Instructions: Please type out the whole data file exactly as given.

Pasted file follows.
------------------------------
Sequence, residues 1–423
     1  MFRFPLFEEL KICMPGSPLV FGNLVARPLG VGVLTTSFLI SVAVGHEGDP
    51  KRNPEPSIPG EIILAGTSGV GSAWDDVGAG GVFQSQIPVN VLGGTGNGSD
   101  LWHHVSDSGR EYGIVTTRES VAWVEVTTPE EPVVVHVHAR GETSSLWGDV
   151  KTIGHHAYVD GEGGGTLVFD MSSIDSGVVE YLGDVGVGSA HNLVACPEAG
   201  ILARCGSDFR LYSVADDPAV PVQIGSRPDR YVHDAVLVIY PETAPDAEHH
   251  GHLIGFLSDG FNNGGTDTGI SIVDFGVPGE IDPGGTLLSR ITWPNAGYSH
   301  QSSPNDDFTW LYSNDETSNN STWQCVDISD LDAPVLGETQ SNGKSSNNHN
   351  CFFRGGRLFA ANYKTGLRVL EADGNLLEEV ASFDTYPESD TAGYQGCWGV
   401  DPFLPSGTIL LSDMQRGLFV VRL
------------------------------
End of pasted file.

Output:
Sequence, residues 1–423
     1  MFRFPLFEEL KICMPGSPLV FGNLVARPLG VGVLTTSFLI SVAVGHEGDP
    51  KRNPEPSIPG EIILAGTSGV GSAWDDVGAG GVFQSQIPVN VLGGTGNGSD
   101  LWHHVSDSGR EYGIVTTRES VAWVEVTTPE EPVVVHVHAR GETSSLWGDV
   151  KTIGHHAYVD GEGGGTLVFD MSSIDSGVVE YLGDVGVGSA HNLVACPEAG
   201  ILARCGSDFR LYSVADDPAV PVQIGSRPDR YVHDAVLVIY PETAPDAEHH
   251  GHLIGFLSDG FNNGGTDTGI SIVDFGVPGE IDPGGTLLSR ITWPNAGYSH
   301  QSSPNDDFTW LYSNDETSNN STWQCVDISD LDAPVLGETQ SNGKSSNNHN
   351  CFFRGGRLFA ANYKTGLRVL EADGNLLEEV ASFDTYPESD TAGYQGCWGV
   401  DPFLPSGTIL LSDMQRGLFV VRL